In the film, such sweeping breakdowns are eschewed in favour of a more visual treatment, which balances the screen time of its subjects according to the percentage of land each kind of environment comprises within our national parks. Pasture for livestock, for instance, gains just over 24 seconds; peat bogs 11 seconds, water a shave over a second and bare rock just a tenth of one. It's a canny visual breakdown of just what makes our national parks – and in the end, just how much humans have to do with it.  

“In the UK our National Parks are quite different to some of the world's "wilder" protected areas,” says Raven-Ellison. “They are living and working landscapes that are home to hundreds of thousands of people as well as wildlife.”

Daniel Raven-Ellison (far left) with film-maker Jack Smith (far right) and production assistants Seb Raven-Ellison (left) and Joe Smith (right). Filmed throughout Autumn, Raven-Ellison says that the shoot was challenging due to conditions and terrain. Of his locations, he says he always wants “to walk them. My exploration of the landscape is not explicit in the film, but my on the ground experience is a critical part of my thinking and storytelling outside of the frame.”  

Photograph by Daniel Raven Ellison

For those residents, aside from the benefits of living close to nature and in an aesthetically appealing location, the designation is seen as a boon for tourism and employment, and attracts funding from the government to conserve wildlife and open spaces. Perceived downsides are higher house prices, crowding in peak season and tighter regulations on planning and development within their borders. Raven-Ellison – who led the campaign for London to earn the title of National Park City in 2019 – believes that understanding the bigger picture is the key to finding an accord between spaces to breathe, and a place to live.

“Conserving and restoring nature whilst providing space for people to enjoy themselves and supporting local cultures and economies is a significant challenge,” he says. “It's a balance that needs to be struck, and I don't think we're currently getting it right.”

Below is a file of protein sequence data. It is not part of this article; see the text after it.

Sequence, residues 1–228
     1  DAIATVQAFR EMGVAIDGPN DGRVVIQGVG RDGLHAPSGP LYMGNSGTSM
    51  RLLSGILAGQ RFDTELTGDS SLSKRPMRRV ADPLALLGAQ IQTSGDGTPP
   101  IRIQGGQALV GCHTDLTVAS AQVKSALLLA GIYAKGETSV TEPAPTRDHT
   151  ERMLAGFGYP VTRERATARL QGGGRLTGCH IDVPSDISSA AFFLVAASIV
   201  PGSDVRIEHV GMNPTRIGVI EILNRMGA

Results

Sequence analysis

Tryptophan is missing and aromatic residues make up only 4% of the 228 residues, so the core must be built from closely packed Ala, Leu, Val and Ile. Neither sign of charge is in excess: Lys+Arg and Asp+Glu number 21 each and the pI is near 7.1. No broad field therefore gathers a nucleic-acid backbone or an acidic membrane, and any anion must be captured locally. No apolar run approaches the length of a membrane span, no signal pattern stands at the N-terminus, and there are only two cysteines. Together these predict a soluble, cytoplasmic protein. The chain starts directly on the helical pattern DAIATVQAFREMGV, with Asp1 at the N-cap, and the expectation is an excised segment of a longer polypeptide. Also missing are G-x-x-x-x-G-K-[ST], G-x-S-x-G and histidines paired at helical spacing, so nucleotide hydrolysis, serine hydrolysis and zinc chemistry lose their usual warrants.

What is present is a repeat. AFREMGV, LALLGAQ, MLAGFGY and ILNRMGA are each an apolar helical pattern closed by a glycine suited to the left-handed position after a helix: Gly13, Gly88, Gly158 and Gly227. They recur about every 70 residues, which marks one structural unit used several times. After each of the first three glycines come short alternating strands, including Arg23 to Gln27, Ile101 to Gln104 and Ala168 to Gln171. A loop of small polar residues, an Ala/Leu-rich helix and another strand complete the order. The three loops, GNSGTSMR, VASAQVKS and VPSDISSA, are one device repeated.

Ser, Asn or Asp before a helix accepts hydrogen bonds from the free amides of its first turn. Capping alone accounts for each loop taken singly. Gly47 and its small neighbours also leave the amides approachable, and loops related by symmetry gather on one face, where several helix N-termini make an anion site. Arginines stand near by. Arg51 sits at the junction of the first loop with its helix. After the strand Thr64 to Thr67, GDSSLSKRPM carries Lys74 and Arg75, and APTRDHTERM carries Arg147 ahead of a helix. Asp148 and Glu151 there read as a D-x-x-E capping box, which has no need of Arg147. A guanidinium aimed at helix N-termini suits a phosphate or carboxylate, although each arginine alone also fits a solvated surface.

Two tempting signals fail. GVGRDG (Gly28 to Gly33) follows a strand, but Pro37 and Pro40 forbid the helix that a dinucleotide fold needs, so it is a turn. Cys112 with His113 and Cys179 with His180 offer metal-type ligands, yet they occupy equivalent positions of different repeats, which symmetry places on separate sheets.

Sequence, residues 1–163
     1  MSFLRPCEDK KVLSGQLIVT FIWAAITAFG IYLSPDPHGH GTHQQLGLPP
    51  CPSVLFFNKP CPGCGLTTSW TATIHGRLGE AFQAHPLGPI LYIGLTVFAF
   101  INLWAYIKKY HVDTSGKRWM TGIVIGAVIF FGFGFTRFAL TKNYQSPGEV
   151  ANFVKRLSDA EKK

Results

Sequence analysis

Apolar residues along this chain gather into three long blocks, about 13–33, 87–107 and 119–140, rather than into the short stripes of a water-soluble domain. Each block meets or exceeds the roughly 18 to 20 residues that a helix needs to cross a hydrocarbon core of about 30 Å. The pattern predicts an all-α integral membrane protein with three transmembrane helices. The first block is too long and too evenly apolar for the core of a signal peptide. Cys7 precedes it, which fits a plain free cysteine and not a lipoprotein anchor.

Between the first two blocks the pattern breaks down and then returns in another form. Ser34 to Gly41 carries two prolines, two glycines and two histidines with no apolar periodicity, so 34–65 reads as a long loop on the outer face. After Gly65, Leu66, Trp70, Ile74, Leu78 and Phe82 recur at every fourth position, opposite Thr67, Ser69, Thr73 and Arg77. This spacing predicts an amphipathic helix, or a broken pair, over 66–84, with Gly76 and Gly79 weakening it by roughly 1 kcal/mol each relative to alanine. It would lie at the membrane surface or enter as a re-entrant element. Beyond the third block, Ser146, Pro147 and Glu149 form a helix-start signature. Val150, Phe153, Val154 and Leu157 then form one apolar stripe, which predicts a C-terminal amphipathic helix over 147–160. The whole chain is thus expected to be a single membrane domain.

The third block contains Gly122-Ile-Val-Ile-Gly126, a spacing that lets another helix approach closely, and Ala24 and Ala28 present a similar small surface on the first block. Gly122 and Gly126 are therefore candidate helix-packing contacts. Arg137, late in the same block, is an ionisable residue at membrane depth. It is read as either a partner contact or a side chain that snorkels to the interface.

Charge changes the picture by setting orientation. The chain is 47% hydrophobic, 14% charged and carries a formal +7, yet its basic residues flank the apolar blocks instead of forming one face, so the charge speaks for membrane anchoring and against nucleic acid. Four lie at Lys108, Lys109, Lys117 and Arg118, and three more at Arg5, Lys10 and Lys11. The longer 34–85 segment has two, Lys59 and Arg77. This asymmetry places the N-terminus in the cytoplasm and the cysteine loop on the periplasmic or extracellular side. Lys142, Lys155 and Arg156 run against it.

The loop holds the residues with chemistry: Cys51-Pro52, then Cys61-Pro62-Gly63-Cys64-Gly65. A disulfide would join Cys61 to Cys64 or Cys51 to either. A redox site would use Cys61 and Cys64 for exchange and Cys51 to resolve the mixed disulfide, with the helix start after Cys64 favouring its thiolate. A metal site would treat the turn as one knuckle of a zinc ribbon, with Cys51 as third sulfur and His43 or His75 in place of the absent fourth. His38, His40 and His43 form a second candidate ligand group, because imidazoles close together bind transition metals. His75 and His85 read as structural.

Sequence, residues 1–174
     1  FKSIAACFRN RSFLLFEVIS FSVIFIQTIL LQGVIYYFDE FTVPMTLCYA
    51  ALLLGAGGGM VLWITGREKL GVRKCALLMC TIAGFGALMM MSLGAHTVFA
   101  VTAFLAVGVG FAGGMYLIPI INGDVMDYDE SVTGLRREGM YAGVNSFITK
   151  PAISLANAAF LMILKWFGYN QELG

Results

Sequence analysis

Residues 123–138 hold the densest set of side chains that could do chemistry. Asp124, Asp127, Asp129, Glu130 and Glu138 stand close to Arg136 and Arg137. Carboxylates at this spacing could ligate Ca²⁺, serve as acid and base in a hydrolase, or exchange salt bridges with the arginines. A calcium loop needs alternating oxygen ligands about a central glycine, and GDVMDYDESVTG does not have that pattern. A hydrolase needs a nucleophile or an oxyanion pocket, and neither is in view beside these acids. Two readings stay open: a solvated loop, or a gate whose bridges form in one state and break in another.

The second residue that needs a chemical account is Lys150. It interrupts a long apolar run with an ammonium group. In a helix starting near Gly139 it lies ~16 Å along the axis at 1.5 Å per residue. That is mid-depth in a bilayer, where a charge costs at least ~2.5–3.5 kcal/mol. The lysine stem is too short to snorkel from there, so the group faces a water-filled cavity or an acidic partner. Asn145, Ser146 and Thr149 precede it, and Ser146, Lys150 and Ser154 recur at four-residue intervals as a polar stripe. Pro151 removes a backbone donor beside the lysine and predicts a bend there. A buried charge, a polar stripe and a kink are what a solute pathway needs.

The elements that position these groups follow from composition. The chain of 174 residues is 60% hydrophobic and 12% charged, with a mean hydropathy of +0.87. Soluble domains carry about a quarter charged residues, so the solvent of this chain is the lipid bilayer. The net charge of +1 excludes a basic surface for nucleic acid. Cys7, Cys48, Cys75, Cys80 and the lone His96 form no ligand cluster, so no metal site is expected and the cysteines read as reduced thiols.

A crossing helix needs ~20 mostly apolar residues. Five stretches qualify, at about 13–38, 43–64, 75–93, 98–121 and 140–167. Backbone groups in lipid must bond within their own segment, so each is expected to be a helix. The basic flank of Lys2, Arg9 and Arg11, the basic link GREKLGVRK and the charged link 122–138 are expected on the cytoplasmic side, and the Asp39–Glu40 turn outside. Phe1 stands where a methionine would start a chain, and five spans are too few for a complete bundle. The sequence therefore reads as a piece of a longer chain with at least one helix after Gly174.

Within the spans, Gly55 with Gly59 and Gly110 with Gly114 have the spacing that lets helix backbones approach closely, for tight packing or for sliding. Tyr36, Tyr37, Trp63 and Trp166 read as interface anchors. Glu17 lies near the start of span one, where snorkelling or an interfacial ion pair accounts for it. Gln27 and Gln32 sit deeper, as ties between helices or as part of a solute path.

An outdoor renaissance

In the geographical paralysis caused by COVID-19, many residents have rediscovered the nature closer to home – and during lockdown breaks have appreciated the space afforded by a network of national parks more accessible than many others in the world. UK National Parks in 100 Seconds will, Raven-Ellison hopes, give both the public and policymakers a moment of pause to consider an asset whose importance is enjoying a renewed rtelevance – as well as expending its key role in safeguarding biodiversity and natural heritage.  

“The health, climate and ecological crises are all putting pressure on both people and landscapes,” says Raven-Ellison. “We need to rethink how we use many of those landscapes to help mitigate these interlinked emergencies.”

He adds: “I wanted to make a film that not only celebrated our national parks, but used a scientific breakdown of how the land looks – so that we can see some of the opportunities more clearly. And make more of them in the future.”

Find out more about the work of National Geographic Explorers here